A strong brand, a reliable distribution network and the ability to generate cash flows are among the key parameters investors focus on when valuing a consumer-centric company, said panellists at News Corp VCCircle Consumer Investment Summit.
The panel, which was themed ‘Consumer and retail transaction valuation – What justifies it?’, was moderated by Nandini Chopra, managing director, Alvarez & Marsal. The panel saw participation from Sid Talwar of Lightbox, Sahil Dalal of Advent International, Sandeep Reddy of Peepul Capital and Ritesh Chandra of Avendus Capital.
Panellists opined that high valuation does not necessarily reflect high value. Therefore, companies and investors need to be prudent about cash and burn rate, which can negatively affect valuations and value.
“We take necessary steps of not getting caught in a valuation trap. It is necessary to keep future exit possibilities in mind when investing, not just in consumer-centric firms, but across sectors,” said Talwar. Determining valuation is a theoretical process, and investors should not solely focus on the topline, but also look at the broader economics in which a company operates in, he said.
“Many times, entrepreneurs use valuation as the scorecard and it is a flawed philosophy,” Talwar said.
As India aspires to grow at 7.5% with a growing population, rising affluence and changing consumer demographics and behaviour, India’s expenditure is set to touch $4 trillion by 2025. Given the growth, consumer and affiliated sectors have also seen a busy deal activity, with as many as 123 deals worth over $900 million struck from the start of 2016.
Dalal said valuations in the consumer space have been expensive, now and even 10 years ago, and therefore cash flows, strength of the brand, and distribution network are the key to determining valuation.
“We look for parameters where we would make a good company into a great one. Our job is to get through the clutter. Also, the public market is an area of competition. So if we don’t invest, a company or an investor has the option of going to public market and getting a high valuation,” Dalal said.
Chandra said valuations in the consumer space will remain healthy going forward. The high valuations are justified keeping in mind forward earnings, besides the scarcity of quality companies for investments.
“Valuations have been rich and consistent because people are willing to pay a premium for good quality companies. We have seen a significant shift from unbranded to branded products. This is creating an opportunity for newer investments at a time when the internet is playing a huge role,” Chandra said.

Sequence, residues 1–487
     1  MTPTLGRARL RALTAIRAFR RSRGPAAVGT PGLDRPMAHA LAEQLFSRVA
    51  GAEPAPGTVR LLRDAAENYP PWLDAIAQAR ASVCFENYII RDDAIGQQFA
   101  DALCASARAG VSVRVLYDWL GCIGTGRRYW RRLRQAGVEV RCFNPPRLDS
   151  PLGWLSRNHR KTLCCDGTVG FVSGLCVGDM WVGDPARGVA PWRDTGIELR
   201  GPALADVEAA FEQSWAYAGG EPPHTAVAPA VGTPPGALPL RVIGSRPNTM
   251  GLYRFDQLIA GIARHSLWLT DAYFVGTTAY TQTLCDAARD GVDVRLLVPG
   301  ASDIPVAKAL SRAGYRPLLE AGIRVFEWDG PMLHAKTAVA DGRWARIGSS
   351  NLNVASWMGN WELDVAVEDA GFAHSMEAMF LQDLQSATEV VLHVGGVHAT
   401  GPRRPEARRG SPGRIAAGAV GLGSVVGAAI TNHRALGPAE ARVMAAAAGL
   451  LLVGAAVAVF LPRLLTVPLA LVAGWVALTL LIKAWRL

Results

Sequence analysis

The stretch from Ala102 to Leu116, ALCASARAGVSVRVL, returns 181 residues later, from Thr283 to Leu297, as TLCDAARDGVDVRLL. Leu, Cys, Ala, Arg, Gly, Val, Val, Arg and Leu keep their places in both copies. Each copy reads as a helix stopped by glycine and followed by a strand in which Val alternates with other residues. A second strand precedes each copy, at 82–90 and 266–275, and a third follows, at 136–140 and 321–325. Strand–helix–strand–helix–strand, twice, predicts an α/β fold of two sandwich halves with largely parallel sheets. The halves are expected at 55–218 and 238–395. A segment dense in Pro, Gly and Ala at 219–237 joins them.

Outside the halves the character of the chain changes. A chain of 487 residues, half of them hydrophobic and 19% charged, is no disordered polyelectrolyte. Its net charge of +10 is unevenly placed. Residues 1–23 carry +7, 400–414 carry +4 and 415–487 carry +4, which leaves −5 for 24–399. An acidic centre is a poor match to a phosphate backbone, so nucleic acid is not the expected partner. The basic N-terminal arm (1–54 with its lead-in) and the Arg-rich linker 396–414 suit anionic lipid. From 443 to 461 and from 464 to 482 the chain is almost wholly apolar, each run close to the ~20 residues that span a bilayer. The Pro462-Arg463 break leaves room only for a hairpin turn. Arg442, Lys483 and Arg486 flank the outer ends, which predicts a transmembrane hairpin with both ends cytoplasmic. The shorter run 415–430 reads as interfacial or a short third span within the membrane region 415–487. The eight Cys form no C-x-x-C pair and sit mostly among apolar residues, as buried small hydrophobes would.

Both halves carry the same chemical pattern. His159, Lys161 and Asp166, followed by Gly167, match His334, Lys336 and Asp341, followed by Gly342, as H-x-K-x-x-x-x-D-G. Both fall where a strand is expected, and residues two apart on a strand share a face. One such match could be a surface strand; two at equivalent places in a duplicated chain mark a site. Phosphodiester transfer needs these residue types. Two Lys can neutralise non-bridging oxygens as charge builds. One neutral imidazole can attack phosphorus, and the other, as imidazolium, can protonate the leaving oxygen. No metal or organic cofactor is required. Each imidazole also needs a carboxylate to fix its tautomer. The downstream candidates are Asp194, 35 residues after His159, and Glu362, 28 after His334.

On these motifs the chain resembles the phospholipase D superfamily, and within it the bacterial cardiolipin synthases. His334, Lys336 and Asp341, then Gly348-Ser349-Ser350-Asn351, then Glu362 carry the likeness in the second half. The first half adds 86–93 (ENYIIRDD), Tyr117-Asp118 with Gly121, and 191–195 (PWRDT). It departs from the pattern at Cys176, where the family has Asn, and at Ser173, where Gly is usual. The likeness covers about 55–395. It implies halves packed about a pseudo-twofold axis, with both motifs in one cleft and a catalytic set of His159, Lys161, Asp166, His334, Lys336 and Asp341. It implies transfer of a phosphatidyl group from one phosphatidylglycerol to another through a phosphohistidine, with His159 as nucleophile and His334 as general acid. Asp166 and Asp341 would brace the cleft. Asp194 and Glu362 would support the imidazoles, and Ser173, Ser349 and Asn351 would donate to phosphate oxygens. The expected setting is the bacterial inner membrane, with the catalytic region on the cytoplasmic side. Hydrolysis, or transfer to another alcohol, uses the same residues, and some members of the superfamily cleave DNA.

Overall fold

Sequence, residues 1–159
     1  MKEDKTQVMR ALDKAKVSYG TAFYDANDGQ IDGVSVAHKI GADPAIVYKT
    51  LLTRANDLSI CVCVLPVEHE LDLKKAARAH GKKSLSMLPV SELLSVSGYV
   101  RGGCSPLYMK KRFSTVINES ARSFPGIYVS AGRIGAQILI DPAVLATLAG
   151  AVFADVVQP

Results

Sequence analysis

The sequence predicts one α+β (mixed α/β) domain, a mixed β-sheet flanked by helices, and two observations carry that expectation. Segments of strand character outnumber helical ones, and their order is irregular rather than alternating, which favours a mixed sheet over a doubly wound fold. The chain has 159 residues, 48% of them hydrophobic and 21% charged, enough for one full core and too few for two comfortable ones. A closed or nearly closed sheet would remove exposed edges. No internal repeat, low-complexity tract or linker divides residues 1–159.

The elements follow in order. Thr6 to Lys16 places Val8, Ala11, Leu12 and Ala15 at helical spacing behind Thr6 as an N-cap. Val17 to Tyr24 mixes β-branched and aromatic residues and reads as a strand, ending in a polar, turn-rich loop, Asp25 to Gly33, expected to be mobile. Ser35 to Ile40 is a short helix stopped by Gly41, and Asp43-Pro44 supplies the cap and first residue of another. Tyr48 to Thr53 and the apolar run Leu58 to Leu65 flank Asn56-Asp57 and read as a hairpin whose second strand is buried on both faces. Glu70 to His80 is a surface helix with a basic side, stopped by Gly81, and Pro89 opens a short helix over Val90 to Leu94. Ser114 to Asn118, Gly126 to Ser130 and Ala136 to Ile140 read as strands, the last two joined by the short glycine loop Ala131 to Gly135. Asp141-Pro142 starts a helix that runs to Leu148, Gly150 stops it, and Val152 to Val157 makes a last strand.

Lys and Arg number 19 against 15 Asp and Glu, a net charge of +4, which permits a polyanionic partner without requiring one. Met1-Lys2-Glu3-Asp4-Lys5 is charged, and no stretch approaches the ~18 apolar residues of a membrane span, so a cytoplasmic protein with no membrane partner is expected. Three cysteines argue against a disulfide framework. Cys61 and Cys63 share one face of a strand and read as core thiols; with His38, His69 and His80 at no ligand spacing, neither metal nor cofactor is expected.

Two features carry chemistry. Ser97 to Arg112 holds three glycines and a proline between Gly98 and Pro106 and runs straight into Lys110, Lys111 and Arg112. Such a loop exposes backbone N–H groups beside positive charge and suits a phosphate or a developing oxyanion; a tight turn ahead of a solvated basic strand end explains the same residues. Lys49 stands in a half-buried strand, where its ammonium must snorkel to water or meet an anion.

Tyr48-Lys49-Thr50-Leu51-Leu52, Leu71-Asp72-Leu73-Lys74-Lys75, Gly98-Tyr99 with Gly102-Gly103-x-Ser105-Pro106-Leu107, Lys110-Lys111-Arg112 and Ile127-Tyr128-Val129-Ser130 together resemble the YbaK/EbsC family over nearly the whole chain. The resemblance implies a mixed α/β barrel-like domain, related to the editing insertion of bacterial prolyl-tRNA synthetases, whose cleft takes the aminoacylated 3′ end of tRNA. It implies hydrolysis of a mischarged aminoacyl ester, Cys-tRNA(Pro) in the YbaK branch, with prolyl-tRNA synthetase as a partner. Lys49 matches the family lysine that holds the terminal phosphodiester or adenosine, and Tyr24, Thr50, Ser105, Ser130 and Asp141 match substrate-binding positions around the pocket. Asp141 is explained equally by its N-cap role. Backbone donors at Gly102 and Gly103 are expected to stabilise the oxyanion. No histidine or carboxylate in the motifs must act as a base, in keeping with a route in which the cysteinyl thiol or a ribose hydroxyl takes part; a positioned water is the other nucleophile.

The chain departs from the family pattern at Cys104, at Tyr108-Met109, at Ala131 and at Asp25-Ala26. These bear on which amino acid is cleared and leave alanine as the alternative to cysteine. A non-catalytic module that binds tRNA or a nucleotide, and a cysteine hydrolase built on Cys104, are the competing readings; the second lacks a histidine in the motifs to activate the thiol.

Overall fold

Consumer companies and frothy IPO markets
Panellists also discussed the scope and valuations offered by the initial public offering (IPO) route and how it has been a major means for private equity and venture capital firms for achieving part or full exits. Public markets have been more forgiving and offer easier liquidity, besides better valuation as stock markets have seen a boom in recent times, they said.
Indian firms benefitted from the boom in stock markets, with the benchmark Sensex rising 28% and with that primary market activity moving in tandem. About three dozen firms went public in 2017 cumulatively raising Rs 67,000 crore, a record sum. More so, the majority of the IPOs in the past four years have seen private equity investors make part or full exits on their investments.
“Public markets have been frothy for the last six to 12 months, and a road that appeals to all promoters. While an IPO may be the best option for a promoter in reaping high valuations, they need to be aware if an IPO is the best solution for the company and the business. Companies need to be more mature before going public which is the easiest thing to do in India,” Chandra said.
“Fundamentally, greed and valuation drive public markets approach. We counsel promoters that valuations are cyclical and frothy. Also, IPO is just a liquidity event and many companies need to scale up before going public,” Dalal said, adding that Indian firms are tapping IPO markets three-five years ahead of time.
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